Latest climate stripes show impacts worldwide
01 March 2022
Climate stripes updated with the latest temperature data for more than 200 countries have been combined into one mega-graphic illustrating how climate change is impacting every corner of the globe.
The popular visualisations created by Professor Ed Hawkins at the University of Reading, and available to download for free at showyourstripes.info, now have added stripes depicting the average temperature in 2021.
The merged image, stacking the stripes for almost every country in the world, is made up around a billion pieces of data and provides the clearest picture yet that temperatures are rising across the globe.
Its publication coincides with the release of the latest report from the Intergovernmental Panel on Climate Change (IPCC) on the impacts a warming climate is having on the planet, from melting ice sheets to areas becoming too hot to live in or grow crops.
Professor Hawkins said: “With every new report published on climate change, we become more certain that the consequences for the planet will be dire if we do not act.
“The latest IPCC report warns that we are rapidly moving past the window of opportunity to avoid the most destructive impacts of climate change. It contains a clear message that doing nothing is not an option.
“The new warming stripes support the report’s findings that we are already seeing stark impacts of climate change all around us. I hope that presenting the latest evidence in a clear and accessible way will again encourage people to think about the course the world is on, and how we can change that.”
The stripes have risen to fame in recent years due to their simple yet striking design, illustrating annual temperatures using shades of red and blue to show where temperatures were higher or lower in a given year than the average for the period as a whole.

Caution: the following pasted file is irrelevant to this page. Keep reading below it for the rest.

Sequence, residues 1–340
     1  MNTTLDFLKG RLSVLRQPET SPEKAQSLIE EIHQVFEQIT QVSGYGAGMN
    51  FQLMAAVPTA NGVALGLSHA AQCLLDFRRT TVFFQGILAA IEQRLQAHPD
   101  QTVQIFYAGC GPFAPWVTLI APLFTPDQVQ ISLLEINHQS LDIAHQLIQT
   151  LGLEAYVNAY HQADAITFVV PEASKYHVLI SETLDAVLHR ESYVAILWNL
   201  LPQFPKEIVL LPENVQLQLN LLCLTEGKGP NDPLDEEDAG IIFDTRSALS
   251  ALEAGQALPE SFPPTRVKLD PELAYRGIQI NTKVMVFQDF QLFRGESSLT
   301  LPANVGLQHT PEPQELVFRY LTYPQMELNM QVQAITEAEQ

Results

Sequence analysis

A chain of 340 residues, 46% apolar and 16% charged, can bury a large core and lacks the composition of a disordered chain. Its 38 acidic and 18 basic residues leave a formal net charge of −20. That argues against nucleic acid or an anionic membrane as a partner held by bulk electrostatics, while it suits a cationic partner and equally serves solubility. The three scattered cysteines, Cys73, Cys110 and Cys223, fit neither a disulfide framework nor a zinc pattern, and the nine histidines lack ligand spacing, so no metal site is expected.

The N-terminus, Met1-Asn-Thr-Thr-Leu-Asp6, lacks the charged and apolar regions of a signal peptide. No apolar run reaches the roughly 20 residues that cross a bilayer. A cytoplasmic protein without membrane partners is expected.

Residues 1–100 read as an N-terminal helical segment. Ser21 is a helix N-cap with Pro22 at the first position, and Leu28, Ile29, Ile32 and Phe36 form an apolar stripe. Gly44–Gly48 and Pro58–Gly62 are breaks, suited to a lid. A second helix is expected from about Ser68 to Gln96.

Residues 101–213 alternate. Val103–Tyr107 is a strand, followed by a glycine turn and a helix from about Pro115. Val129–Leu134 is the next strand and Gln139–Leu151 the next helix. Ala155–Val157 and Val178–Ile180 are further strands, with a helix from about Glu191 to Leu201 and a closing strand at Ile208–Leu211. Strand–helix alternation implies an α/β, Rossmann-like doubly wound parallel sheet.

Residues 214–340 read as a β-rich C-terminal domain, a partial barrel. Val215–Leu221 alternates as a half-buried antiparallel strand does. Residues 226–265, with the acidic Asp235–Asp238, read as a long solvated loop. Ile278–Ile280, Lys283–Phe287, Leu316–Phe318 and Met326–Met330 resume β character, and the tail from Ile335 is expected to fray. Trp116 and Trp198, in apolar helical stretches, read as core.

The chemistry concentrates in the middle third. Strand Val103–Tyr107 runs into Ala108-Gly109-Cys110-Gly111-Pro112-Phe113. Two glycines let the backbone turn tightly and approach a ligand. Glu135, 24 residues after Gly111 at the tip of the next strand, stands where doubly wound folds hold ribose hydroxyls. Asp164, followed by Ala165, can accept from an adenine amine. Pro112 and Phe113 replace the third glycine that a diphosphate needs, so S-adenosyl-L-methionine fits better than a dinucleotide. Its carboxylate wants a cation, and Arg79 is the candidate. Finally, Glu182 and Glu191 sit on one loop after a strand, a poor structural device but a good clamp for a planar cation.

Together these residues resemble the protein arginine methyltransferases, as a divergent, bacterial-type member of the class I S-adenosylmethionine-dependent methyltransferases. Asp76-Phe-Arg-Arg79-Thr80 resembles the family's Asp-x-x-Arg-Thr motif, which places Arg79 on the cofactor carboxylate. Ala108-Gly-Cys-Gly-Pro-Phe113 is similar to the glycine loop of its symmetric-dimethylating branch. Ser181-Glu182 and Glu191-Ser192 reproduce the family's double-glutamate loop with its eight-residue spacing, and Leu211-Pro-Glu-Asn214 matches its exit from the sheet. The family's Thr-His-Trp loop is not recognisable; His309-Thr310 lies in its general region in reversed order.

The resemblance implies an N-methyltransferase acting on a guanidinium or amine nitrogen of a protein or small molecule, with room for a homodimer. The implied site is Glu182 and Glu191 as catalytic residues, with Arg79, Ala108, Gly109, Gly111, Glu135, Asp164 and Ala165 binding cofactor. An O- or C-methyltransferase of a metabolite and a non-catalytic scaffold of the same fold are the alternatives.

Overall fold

While the graphics for individual countries show annual temperatures compared to the long-term average within that country, the combined version shows how the changes in temperature for each country compare across the globe.
This means the new graphic shows more clearly which parts of the world are heating up fastest due to climate change, with regions like Europe glowing a vivid red.
The University of Reading is world leading institution for the teaching of and research into climate change. The University was the most represented institution globally in the author list for the first working group of the IPCC’s 6th Assessment Report, which analysed the latest scientific evidence on climate change.
Climate scientists at the University are part of a team providing climate data and analysis to the UK government, to help it plan its strategy for adapting to climate change and cutting emissions.
More recently, the University has played a leading role in bringing about a step change in climate education for young people, through holding a Climate Education Summit and publishing an action plan jointly with partners, including the Department for Education.